There are more choices in crossbow arrows today than there ever has been. When I first started hunting with a horizontal bow over 20 years ago, we had one choice in an arrow which was aluminum. Depending on what manufacturer your bow was, you could either shoot a flat crossbow nock or had to shoot a moon nock. Today we have many choices in arrows, and in recent years, the crossbow nock has evolved leaving us with more choices than ever before. We still have the flat nock and the moon nock. But today we also have a capture style nock which encompasses the string much like the arrow nock found on a vertical bow. We also have a new nock which is sort of a hybrid crossbow nock, a combination between the flat and moon nock. A common question I get asked by new crossbow hunters is if it is ok to shoot a different style of crossbow nock from their particular bow, other than the type specified by the manufacturer. So I thought it would be a good idea to explain the difference between the four types of crossbow nocks and and then discuss the golden rule when it comes to being able to shoot them from a particular bow.
The first type of crossbow nock and the one that’s been around the longest is the flat nock. Just as it sounds, this nock has a flat back. They can be manufactured from plastic or aluminum. The one main advantage of a flat nock over other types of nocks is that you cannot load an arrow that has a flat nock the wrong way.
The moon nock, or sometimes called the half moon nock, is the second most popular style of crossbow nock. Moon nocks have a crescent shape or rounded groove on the back of the nock. The groove is indexed so that it runs perpendicular to the vane of the arrow that points downward and rides in the rail of the crossbow. These types of nocks can also be made out of plastic or aluminum. But unlike the flat crossbow nock, the moon nock must be loaded the same way every time or you can risk serious damage to your bow.
The third style of crossbow nock is a capture type nock. Just like the moon nock, the are indexed to align with one particular vane on the arrow. They also can only be loaded one way like the moon nock in order to prevent damage to your crossbow. The difference in the capture style nock is in the depth of the groove. As mentioned in the first paragraph, the capture nock has a much deeper groove, similar to that of a vertical bows arrow nock. The groove is wider though to accommodate the extra thickness of a crossbow string. Some capture style crossbow nocks click onto the string and other just encompass the string.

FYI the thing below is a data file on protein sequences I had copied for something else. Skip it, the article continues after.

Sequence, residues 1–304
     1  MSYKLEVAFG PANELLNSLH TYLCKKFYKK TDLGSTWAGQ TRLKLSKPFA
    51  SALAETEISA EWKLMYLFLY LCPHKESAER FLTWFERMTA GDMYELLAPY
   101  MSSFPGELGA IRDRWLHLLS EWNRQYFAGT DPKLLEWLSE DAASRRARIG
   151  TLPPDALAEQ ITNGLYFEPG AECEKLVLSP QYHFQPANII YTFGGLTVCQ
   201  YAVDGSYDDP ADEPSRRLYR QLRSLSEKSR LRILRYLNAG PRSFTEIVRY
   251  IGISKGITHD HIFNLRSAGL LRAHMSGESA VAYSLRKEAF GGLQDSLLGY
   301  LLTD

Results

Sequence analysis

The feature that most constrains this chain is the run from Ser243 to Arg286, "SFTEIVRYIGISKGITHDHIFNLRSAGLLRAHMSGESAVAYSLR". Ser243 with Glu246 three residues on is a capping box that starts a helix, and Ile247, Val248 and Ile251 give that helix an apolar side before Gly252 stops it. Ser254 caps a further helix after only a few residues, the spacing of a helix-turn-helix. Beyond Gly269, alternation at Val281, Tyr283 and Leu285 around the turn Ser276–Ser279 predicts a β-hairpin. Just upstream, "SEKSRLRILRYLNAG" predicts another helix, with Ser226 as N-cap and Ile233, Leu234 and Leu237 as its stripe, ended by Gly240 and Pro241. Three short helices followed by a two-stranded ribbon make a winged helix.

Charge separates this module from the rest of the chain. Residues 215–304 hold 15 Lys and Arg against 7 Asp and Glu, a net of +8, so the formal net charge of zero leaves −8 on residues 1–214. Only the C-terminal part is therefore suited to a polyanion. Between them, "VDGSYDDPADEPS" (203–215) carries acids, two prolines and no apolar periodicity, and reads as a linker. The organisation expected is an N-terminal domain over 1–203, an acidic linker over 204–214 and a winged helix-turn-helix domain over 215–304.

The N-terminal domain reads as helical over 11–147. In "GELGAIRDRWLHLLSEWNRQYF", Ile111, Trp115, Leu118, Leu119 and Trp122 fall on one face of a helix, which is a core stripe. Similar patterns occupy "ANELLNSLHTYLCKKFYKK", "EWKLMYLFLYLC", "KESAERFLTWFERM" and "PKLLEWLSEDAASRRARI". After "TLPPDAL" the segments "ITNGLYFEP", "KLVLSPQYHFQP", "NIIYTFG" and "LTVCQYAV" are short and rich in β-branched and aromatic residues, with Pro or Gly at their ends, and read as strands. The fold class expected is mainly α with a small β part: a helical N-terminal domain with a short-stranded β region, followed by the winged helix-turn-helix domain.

The last style and also the latest in design is what I would call a hybrid crossbow nock. This type of nock is sort of like a moon nock, but instead of having just one groove in the back of it, it has three grooves manufactured into it spaced 120 degrees apart just like the fletching on your arrow. What this allows you to do is now shoot a moon nock, but also give you the freedom to load the arrow in any orientation you feel, without the worry of damaging the crossbow.
So now that we are familiar with the different types of crossbow nocks, we can discuss the golden rule when it comes to shooting them from a crossbow. The rule is as follows. You can shoot any of the above mention nocks from any crossbow that requires flat nocks without risking damage to the bow. You can shoot a capture nock or hybrid style crossbow nock from any crossbow that requires moon nocks, but you cannot shoot flat nocks. You cannot shoot any other style of crossbow nock other than a capture nock if that is what your manufacturer specifies to use.
So now you know the rule about shooting the different types of nocks. The next question should be, why would you shoot another type other than what your manufacturer specifies? The answer is, you really shouldn’t. But, if for some reason you find yourself on a hunt and you have to run to the local sporting goods store for some reason to replace arrows and they only have a certain type, or your at the range and your buddy forgets to bring his arrows and wants to barrow some of yours, you’ll now have the knowledge to know which ones you can and can’t use.